According to a second type of process, the perform is produced from a length of tubular parison which is passed over a support and reheated, while one end of the parison is plastically deformed and sealed by means of a punch which cooperates with the support so as to close the base of the preform. This technique requires that there be discontinuity between the extrusion of the parison and the molding of the preform. Because of this, the substantial amount of heat possessed by the extruded thermoplastic material is lost. Moreover, the reheating process and the molding of the base are also slow operations.
According to a third type of process, which permits the highest rates of production and possesses the greatest economy of means, the preform is produced by blow-molding portions of a tubular parison which is extruded continuously using preform molds. The preforms, after thermal conditioning in the preform molds and/or outside the latter, are introduced into suitable blow-molds. Although this technique possesses the additional advantage of being continuous, it has, however, not hitherto been possible to master it completely satisfactorily, for reasons to be explained below.
During the manufacture of oriented hollow articles, it is advisable, in order to achieve optimum improvement in the mechanical properties, to produce preforms having a diameter which is as small as possible, that is to say as close as possible to the diameter of the starting tubular parison, and having a length which is substantially less than those of the hollow articles desired. In fact, the preform is generally produced under temperature conditions which do not lead to molecular orientation (extrusion temperature). It is consequently advisable to provide for maximum stretching of the preform during the final blow-molding operation which is carried out on it under conditions which promote orientation. It can thus be seen that, by respecting the dual condition given above, there can be produced bi-oriented hollow articles, i.e. hollow articles which are oriented both in the radial direction and in the longitudinal direction, which possess a maximum degree of orientation, and consequently the best mechanical properties.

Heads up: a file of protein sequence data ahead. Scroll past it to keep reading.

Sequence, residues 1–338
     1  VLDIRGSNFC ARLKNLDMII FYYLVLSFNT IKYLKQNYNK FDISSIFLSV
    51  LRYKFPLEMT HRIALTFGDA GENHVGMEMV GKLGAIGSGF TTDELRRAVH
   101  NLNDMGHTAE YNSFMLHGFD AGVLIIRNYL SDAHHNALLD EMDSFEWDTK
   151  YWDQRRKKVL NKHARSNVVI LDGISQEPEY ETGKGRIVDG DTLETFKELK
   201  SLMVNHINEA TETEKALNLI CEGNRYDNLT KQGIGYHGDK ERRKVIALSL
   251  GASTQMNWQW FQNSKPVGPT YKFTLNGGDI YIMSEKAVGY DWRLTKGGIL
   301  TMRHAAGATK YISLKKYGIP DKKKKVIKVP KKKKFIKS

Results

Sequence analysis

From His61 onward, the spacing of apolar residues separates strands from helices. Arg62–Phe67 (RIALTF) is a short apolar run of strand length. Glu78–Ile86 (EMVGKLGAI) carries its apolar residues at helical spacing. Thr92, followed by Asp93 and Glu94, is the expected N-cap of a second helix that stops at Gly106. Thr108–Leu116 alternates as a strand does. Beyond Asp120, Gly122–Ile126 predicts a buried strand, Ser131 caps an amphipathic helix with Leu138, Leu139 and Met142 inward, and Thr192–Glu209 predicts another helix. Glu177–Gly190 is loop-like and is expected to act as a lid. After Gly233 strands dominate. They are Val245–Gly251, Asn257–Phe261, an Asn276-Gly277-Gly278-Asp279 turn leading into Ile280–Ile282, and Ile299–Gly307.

When the preforms are produced by pre-blowing, they possess a base flash which has to be removed before carrying out the final blow-molding operation in order to prevent any malformation of the bases of the hollow articles produced.